Sky and Toby, I wanted to personally thank the two of you for participating in our source water meeting this week. I am always impressed with the dedication that national and the Alliance has toward the mission of protection of our source waters. Without your support, I know we wouldn’t be where we are at today. Source water protection truly is a collaborative effort, and as you know Indiana has a ways to go, but after these meetings I feel reaffirmed that Indiana is on the right track and (if I do say so myself) not looking too shabby. Thanks again for your time and dedication, James Sullivan, Chief, Ground Water Section, IDEM

Jeffery Hou ston, Clerk-T reasurer, City of Knox

le: Dear Mr. Schel your Thank you for ing work in complet e Phase II of th ection Well Head Prot e City of Program for th Knox. ugh the Your work thro ana was Alliance of Indi water y a big help to m ordon G superintendent, ty of Ci Burger, and the Knox. ve this It is good to ha in a work completed t en ci timely and effi manner. u. Again, thank yo Sincerely, Rick Chambers Knox Mayor

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Index to Advertisers Advertiser.com AERATION EQUIPMENT Artesian of Pioneer, Inc. ................................... 3 www.aopwater.com ANALYTICAL MEASURING DEVICES Frakes Engineering, Inc. . ...........................4, 33 www.frakesengineering.com ATTORNEYS  Campbell Kyle Proffitt . ...................................33 www.ckplaw.com AUTOMATIC METER READING Master Meter, Inc. . ...................inside front cover www.mastermeter.com • 0HWHUV 5HDGLQJ6\VWHPV6DOHV 6HUYLFH BACKFLOW PREVENTION DEVICES Waller’s Meter, Inc. ........................................ 16 • 0HWHU7HVWLQJ5HSDLU ,QVWDOODWLRQ'LYLVLRQV www.wallersmeterinc.com COMPUTER SOFTWARE • +\GUDQWVDQG9DOYHV Frakes Engineering, Inc. . ...........................4, 33 • 0HWHU6HWWHUV %UDVV*RRGV www.frakesengineering.com COMPUTER SOFTWARE - UTILITY • &RSSHU 3RO\7XELQJ MANAGEMENT • 0HWHUSLWV5LQJVDQG&RYHUV Software Solutions Inc. ..................................22 www.ssi-software.com • +\GUDQW$GDSWHUV7RROV $FFHVVRULHV CONSULTING ENGINEERS Heritage Engineering, LLC ............................. 12 • %DFNIORZ3UHYHQWHUV www.heritageeng.com • /HDN'HWHFWLRQ(TXLSPHQW 6HUYLFH Midwestern Engineers, Inc. ............................ 10 www.midwesterneng.com  Robert E. Curry and Associates Inc. ...............26 6SHFLDOL]LQJLQUHYHQXHUHFRYHU\DQGZDWHUORVVUHGXFWLRQ www.recurry.com CONTROL EQUIPMENT & SYSTEMS Frakes Engineering, Inc. . ...........................4, 33 www.frakesengineering.com CONTROL SYSTEMS INTEGRATION Frakes Engineering, Inc. . ...........................4, 33 www.frakesengineering.com CONTROLS - WASTEWATER Frakes Engineering, Inc. . ...........................4, 33 www.frakesengineering.com CONTROLS - WATER Frakes Engineering, Inc. . ...........................4, 33 www.frakesengineering.com DEMOLITION Pittsburg Tank & Tower Maintenance Company, Inc. .........................................28 www.watertank.com DETECTORS, MONITORS, RECORDERS Frakes Engineering, Inc. . ...........................4, 33 www.frakesengineering.com EMERGENCY STANDBY POWER Brehob Corporation .................inside back cover www.brehob.com ENGINEERING 3HQQ6W6HOOHUVEXUJ,1 Commonwealth Engineers, Inc. ....................... 6 www.commonwealth-engineers.com 7ROOIUHH Fleis & VandenBrink Engineering . ..................22 www.fveng.com ZZZVOFPHWHUFRP Wessler Engineering, Inc . ................................ 4 www.mdwessler.com ENGINEERING & CONSTRUCTION SERVICES Frakes Engineering, Inc. . ...........................4, 33 www.frakesengineering.com 499550_SLC.indd 1 10/4/10 2:00:54 PM GRW Engineers .............................................33 www.grwinc.com McMahon Associates Inc. . ............................ 16 www.mcmgrp.com ENGINEERING /ENVIRONMENTAL SERVICES Frakes Engineering, Inc. . ...........................4, 33 www.frakesengineering.com GRW Engineers .............................................33 www.grwinc.com McMahon Associates Inc. . ............................ 16 www.mcmgrp.com United Consulting ..........................................26 www.ucindy.com ENVIRONMENTAL CONSULTING GAI Consultants, Inc ........................................ 8 www.gaiconsultants.com EVAPORATION EQUIPMENT C & HM Excavating ........................................26 FILTER MEDIA Artesian of Pioneer, Inc. ................................... 3 www.aopwater.com Bastin-Logan Water . ....................................... 8 www.bastinlogan.com FILTERS & FILTRATION EQUIPMENT Artesian of Pioneer, Inc. ................................... 3 www.aopwater.com FINANCIAL SERVICES London Witte Group, LLC ..............................30 www.londonwittegroup.com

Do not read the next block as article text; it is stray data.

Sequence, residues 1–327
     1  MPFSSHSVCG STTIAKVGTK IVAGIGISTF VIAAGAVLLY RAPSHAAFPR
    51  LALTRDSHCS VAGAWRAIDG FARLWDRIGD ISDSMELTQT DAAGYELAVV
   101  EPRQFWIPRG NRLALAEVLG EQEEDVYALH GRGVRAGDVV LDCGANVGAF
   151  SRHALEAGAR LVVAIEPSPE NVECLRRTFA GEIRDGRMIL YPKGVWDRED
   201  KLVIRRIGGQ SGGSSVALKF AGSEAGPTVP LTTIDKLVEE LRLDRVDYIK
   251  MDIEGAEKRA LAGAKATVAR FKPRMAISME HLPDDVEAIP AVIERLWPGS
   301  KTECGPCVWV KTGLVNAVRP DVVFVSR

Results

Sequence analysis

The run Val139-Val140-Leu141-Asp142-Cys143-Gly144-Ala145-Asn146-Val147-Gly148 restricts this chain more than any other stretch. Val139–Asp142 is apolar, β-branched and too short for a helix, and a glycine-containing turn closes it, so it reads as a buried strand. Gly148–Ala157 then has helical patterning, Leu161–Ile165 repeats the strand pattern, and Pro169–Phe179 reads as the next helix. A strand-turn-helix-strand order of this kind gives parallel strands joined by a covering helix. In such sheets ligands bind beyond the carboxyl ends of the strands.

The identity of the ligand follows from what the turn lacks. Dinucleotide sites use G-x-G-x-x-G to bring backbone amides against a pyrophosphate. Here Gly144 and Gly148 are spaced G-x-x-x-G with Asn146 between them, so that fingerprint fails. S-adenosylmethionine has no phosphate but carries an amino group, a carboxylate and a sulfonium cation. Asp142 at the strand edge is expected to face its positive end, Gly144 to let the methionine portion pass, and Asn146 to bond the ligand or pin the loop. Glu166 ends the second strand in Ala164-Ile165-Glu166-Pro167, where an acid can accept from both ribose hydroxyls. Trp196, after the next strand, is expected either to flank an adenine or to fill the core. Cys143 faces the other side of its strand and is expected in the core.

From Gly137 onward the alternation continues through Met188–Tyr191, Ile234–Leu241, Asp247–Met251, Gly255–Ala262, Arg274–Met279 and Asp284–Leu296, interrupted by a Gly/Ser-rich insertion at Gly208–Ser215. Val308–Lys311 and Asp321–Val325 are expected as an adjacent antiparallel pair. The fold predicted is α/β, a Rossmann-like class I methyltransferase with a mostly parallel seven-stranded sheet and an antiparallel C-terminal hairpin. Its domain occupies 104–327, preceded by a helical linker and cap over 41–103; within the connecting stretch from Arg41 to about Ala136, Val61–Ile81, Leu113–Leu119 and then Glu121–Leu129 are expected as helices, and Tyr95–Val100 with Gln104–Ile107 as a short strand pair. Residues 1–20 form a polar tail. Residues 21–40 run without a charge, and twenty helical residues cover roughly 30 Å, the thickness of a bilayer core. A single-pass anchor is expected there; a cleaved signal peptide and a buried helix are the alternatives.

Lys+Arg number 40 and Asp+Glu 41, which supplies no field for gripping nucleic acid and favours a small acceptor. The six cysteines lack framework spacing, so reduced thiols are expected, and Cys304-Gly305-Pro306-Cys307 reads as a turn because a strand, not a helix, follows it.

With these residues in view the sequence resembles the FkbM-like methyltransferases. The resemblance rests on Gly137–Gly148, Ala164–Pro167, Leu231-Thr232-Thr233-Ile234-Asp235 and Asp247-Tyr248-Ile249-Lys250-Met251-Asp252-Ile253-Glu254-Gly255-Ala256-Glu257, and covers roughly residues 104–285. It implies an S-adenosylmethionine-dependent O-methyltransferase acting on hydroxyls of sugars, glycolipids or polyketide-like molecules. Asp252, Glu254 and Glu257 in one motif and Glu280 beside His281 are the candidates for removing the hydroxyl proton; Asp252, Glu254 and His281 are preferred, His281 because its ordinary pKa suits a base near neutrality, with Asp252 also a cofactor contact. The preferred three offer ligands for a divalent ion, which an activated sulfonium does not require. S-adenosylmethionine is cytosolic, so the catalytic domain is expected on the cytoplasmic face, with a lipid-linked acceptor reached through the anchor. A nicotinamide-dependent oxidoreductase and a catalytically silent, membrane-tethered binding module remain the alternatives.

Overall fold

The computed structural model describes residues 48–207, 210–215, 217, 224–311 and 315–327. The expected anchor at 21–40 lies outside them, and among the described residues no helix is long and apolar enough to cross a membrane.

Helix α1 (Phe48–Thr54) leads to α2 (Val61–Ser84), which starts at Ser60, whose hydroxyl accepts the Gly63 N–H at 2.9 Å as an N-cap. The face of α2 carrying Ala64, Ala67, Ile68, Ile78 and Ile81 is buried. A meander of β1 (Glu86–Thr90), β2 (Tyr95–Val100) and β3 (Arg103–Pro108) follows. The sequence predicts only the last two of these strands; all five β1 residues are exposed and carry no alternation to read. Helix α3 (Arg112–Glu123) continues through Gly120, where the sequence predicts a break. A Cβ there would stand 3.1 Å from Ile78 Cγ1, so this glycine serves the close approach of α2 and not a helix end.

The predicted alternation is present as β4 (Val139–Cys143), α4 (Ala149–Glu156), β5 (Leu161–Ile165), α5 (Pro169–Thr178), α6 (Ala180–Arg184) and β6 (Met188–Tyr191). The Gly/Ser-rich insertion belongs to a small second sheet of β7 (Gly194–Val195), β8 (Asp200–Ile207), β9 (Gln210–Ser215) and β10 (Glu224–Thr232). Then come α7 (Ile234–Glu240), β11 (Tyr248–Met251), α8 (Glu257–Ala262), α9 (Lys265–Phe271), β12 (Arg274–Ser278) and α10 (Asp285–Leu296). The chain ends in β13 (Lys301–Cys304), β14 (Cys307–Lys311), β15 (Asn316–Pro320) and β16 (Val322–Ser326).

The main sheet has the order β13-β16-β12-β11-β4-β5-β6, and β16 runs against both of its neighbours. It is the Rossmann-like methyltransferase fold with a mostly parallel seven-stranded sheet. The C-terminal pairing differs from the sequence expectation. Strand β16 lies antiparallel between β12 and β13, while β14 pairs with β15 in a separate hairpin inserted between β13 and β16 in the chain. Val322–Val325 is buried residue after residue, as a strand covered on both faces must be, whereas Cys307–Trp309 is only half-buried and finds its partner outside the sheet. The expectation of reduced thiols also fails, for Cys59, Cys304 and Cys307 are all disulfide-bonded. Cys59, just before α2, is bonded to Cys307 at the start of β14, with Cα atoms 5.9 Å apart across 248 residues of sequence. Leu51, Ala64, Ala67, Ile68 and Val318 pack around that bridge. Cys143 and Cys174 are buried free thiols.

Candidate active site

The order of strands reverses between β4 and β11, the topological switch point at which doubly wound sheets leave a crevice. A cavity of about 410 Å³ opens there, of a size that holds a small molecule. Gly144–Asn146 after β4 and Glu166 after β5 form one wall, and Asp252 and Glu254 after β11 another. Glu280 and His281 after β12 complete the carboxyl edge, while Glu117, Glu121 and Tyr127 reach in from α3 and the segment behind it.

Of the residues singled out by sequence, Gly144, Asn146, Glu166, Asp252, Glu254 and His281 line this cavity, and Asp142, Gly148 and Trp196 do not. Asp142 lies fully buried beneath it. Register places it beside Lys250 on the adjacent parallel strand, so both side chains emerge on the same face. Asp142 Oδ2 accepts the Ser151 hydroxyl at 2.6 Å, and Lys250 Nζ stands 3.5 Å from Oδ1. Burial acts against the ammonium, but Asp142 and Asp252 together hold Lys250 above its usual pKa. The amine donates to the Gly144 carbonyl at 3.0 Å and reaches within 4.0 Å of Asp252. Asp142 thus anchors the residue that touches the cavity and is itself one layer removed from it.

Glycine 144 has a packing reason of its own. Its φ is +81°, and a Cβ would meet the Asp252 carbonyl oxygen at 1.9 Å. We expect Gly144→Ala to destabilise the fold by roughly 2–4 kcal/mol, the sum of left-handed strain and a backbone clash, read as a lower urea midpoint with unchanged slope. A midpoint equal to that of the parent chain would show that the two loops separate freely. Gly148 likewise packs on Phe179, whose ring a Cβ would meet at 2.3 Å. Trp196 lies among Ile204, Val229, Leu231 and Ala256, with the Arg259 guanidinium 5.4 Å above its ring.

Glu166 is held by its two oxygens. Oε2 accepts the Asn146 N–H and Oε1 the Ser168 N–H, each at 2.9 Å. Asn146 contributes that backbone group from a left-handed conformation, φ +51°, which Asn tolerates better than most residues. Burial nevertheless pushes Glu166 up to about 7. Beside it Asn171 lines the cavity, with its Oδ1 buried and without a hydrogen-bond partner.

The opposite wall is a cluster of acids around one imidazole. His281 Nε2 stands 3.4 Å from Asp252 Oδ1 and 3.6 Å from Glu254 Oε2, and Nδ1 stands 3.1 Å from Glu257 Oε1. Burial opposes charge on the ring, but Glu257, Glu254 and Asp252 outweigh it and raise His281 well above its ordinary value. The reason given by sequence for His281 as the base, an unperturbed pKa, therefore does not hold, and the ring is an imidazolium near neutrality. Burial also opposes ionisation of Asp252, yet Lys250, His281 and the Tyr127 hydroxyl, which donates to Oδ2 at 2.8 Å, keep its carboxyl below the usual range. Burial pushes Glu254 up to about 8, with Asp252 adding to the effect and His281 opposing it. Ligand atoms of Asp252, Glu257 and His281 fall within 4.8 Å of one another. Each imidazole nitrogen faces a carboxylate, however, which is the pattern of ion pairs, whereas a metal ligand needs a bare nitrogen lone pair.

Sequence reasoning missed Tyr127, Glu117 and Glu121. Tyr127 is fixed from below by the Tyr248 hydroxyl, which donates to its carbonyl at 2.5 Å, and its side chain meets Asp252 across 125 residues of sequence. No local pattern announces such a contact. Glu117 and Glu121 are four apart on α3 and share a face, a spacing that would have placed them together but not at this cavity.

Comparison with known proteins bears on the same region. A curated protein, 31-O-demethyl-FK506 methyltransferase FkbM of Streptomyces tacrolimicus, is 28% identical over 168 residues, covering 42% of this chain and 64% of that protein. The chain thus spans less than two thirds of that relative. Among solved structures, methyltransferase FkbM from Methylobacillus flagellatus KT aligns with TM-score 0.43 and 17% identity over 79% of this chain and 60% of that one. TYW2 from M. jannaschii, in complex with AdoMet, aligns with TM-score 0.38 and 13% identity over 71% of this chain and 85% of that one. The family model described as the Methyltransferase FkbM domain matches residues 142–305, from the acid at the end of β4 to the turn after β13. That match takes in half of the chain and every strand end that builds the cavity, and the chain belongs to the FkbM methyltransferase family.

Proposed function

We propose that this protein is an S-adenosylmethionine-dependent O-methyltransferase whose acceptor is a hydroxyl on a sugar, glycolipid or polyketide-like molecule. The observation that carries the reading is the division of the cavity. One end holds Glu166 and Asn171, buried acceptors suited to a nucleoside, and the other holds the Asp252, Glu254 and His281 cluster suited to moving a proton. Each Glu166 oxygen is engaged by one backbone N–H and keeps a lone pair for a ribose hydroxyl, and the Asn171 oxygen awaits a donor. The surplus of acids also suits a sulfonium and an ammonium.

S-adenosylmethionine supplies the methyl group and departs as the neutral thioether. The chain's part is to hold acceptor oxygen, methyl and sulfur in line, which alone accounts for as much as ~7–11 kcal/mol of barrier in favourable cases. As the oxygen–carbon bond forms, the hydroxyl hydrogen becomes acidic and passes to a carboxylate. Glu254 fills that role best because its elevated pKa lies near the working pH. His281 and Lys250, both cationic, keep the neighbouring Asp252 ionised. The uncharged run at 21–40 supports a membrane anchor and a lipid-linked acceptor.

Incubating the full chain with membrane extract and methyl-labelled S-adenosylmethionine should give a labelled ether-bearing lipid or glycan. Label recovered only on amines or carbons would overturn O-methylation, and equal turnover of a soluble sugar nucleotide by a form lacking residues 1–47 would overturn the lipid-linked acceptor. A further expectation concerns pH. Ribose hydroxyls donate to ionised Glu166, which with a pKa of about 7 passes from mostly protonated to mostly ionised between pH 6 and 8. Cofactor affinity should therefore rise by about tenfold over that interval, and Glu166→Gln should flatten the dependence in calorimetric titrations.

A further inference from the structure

(YHU\WKLQJIRUWKH:DWHU:RUNV,QGXVWU\